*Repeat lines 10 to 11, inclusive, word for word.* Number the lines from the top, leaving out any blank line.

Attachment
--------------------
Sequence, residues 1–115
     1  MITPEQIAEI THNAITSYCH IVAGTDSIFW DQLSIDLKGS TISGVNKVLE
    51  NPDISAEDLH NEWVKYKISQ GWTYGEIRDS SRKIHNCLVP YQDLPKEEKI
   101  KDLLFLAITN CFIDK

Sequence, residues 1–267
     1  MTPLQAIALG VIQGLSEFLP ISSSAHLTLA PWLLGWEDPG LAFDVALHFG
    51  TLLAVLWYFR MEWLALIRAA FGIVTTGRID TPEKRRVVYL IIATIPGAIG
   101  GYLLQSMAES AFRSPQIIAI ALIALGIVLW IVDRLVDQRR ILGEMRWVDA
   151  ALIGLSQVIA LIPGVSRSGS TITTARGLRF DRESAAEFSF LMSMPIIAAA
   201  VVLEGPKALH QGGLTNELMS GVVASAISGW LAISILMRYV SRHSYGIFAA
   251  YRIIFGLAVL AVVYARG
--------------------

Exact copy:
   201  VVLEGPKALH QGGLTNELMS GVVASAISGW LAISILMRYV SRHSYGIFAA
   251  YRIIFGLAVL AVVYARG